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While teams of investigators have been seeking a connection between cigaret smoking and lung cancer, other scientists (allergists, pathologists, etc.) have studied and indicted the urban air as an etiological factor in lung carcinoma.
Two such researchers, Dr. Paul Kotin and Hans L. Falk, PhD, both of the National Cancer Institute, presented a "constellation" of data that "strongly implicates the atmosphere as one dominant factor in the pathogenesis of lung cancer" at the annual meeting of the American College of Chest Physicians in Atlantic City.
In their paper, "Polluted Urban Air and Related Environmental Factors in the Pathogenesis of Pulmonary Cancer," they reported:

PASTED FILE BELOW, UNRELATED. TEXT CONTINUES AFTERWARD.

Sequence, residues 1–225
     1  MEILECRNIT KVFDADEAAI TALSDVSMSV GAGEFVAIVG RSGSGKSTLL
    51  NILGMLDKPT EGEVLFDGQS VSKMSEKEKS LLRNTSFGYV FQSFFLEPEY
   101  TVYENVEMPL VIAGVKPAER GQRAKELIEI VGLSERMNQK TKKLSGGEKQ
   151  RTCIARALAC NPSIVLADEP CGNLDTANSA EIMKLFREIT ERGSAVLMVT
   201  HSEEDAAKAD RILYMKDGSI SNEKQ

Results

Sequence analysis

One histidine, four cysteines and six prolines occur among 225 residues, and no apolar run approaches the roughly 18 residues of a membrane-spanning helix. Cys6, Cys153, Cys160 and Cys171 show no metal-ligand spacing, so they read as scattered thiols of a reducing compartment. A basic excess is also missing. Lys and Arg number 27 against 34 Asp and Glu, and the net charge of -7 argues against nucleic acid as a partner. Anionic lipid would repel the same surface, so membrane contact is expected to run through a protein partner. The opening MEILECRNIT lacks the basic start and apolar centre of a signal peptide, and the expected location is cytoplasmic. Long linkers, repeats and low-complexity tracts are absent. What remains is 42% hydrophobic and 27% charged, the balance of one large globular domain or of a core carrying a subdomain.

"Polluted urban air appears to be a reasonable explanation for the consistent observations of increased risk of urban residents to lung cancer, even after [mathematical] correction for smoking." Smoking habits, they added, account for "only a portion of the difference."
The identification and quantification of carcinogenic agents
Urban Air Pollutants: Indicted as Carcinogenic Agents by Two NCI Investigators. JAMA. 1963;185(5):45. doi:10.1001/jama.1963.03060050021010
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